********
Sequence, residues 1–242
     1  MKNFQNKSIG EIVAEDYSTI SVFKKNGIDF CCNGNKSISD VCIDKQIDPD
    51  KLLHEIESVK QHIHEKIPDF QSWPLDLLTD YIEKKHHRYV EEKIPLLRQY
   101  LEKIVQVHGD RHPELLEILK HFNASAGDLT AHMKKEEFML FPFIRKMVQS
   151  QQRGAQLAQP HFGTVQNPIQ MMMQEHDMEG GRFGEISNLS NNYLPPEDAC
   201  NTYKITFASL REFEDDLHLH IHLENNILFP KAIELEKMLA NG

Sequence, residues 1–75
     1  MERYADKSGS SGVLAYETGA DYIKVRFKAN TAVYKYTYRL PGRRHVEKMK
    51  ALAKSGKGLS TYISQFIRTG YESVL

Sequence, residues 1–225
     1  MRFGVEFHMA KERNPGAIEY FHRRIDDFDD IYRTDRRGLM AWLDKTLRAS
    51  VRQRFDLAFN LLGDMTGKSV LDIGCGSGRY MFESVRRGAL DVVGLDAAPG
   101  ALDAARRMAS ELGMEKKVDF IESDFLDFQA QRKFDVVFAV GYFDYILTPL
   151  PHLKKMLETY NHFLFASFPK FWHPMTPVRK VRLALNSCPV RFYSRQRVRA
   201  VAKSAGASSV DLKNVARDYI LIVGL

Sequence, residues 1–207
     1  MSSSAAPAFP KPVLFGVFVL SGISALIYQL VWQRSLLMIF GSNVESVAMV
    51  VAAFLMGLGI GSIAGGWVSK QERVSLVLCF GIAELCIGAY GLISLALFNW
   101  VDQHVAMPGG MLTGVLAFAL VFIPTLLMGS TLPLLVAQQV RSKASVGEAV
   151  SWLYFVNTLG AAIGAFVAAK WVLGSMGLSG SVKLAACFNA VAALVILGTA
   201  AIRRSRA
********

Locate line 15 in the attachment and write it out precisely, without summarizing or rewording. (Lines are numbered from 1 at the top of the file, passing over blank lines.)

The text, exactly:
   201  VAKSAGASSV DLKNVARDYI LIVGL